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Elder

In a picturesque bay where tomorrow is yesterday and today, a mermaid sits on her rock.

Around her tail little fish splash in warm water, playing hide and seek amongst brown seaweed, their shadows dancing over the rippled sand. She is dreamily aware of shapes in the clouds. Wisps of fluffy white, which had been a kitten are billowing large now, creating a polar bear. Even as this forms a south wind lifts portions of higher cloud and a horse’s head rises from the white mass.

Nearer the shoreline an otter trots, searching rock pools.

Pulled up on the cobbled beach a black weathered boat rests, its prow raised high, always ready for action. The boat’s timbers fit as snugly as the day they were first put together, such a well-made vessel.

Four men built it, John, Jack, James and Jim. Four skilled carpenters. They know and understand the trees. Elm they make into chairs, oak is fashioned into ornate festoons, and the elder is hollowed out, carved into exquisite pipes. When played they always produce the sweetest tunes.

John, Jack, James and Jim. Four skilled musicians. With a glass of amber liquid set beside them, flames of a warm fire licking over dry logs, and the company of their wives and children, they sit in the evening entertaining each other. The melodies played on their pipes, whittled that day from fresh elder branches, are sometimes wistful and full of longing, for they know not what, and sometimes full of laughter, gaiety and carefree joy.

The music drifts out of the open door and into the welcoming land. All beings pause as the melody enchants the earth. Badger stops snuffling and spends a moment in quiet reflection. Over the tufted grass and into the heather the sound eases the busyness of the bees and they hesitate in a hushed contemplation. The waves of the tune wash over the ash trees in the woodland, where the deer and fawn lift their heads and breath in the still air.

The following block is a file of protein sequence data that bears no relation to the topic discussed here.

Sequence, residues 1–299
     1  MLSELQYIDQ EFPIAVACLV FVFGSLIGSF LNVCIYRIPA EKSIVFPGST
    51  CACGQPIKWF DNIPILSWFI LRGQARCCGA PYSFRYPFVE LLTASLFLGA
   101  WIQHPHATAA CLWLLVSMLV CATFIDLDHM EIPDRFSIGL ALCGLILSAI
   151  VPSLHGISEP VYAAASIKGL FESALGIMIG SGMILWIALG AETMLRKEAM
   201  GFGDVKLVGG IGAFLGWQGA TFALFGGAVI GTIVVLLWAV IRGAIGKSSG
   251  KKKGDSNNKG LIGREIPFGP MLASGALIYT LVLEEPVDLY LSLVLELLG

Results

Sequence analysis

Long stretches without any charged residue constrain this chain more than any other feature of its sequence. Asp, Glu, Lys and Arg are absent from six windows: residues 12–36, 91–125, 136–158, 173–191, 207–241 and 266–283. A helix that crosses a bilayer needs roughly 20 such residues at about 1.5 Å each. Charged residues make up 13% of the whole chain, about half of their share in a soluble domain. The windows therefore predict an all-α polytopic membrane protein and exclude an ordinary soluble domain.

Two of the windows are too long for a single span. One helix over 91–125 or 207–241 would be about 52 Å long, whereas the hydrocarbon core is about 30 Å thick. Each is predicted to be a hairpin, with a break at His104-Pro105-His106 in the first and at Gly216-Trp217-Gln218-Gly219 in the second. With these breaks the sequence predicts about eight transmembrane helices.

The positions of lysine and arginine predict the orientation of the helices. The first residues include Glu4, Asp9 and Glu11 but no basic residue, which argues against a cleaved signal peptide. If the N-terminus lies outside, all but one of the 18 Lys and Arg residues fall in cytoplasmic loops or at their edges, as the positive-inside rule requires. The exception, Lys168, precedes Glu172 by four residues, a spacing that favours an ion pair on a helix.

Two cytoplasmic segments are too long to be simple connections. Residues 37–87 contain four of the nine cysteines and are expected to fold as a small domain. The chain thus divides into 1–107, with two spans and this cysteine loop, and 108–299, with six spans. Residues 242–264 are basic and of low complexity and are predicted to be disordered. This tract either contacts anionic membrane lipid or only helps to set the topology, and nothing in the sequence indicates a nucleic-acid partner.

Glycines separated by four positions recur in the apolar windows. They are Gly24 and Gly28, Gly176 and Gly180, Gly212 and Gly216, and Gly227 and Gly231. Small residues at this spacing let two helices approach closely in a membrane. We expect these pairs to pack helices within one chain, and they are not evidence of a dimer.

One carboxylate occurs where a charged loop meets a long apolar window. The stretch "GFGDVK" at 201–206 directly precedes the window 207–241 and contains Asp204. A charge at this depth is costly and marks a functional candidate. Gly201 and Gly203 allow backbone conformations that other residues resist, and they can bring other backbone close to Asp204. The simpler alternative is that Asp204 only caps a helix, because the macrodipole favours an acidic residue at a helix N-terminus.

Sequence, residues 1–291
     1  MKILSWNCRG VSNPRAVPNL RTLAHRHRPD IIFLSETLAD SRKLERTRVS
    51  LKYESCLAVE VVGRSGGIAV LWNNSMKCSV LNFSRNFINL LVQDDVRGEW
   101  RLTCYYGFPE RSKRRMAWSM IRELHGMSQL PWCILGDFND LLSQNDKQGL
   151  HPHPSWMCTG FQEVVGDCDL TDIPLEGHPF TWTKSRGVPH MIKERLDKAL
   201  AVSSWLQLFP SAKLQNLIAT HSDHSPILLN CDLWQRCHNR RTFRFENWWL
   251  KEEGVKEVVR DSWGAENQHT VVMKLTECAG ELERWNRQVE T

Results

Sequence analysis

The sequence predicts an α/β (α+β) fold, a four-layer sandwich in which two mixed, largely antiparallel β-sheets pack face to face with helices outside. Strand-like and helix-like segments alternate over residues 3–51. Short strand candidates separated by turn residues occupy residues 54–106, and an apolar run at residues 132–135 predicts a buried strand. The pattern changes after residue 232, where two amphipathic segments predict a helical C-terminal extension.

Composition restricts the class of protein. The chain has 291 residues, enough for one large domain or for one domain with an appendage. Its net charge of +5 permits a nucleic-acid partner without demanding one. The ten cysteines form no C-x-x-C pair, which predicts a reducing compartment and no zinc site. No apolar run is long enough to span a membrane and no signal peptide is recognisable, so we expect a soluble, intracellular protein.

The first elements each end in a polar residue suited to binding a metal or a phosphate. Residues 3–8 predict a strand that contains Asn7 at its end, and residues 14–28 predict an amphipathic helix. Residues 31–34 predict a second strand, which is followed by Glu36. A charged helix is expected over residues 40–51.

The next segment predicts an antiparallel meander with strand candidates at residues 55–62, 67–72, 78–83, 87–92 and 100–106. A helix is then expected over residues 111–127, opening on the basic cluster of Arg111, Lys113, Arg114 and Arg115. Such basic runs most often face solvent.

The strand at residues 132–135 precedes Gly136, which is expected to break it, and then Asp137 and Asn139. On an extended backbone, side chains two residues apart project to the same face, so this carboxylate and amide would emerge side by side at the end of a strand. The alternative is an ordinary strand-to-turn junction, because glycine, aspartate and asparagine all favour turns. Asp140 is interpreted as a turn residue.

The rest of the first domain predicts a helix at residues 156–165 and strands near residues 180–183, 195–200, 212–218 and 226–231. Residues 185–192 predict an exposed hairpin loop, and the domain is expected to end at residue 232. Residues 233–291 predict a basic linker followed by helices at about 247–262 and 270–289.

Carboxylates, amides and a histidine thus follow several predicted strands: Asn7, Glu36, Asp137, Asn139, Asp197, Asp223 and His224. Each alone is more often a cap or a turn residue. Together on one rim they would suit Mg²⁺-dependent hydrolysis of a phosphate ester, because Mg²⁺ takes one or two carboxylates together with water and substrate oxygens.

Down at the water’s edge the refrain rolls with the wavelets, the plovers hesitate in their running and listen to the quiet melody. In a languid flow the music follows the moon’s path over the water to where the mermaid sits, combing her hair and admiring herself in a mirror. She turns her head, bending slightly to hear the blissful rise and fall of the tune. A reverie comes over her, the comb and mirror are laid down and the maid of the sea sways to the rising and dipping pitch of the pipes.

In the quiet, with the tidal rhythm of the waves and the land, the mermaid sings a wordless song. A song sometimes wistful and full of longing, for she knows not what, and sometimes full of laughter, gaiety and carefree joy.

The circling gulls, usually noisily squawking to each other, glide the air currents, wings wide and still, looking down in hushed calm. They can see the mermaid and also into the far distance, into the horizon.

They are familiar with the deep, where dolphins are amusing themselves, leaping into the setting sun. As they slide in and out of the water the dolphins hear the Song of the Elder Pipes, the Song of the Mermaid and they join in, bringing to the chorus, the Song of the Sea.

And in that moment, when tomorrow is a yesterday and a today, the earth enchanted, turns on its path through the universe.

Page last updated: 13th Jan 2011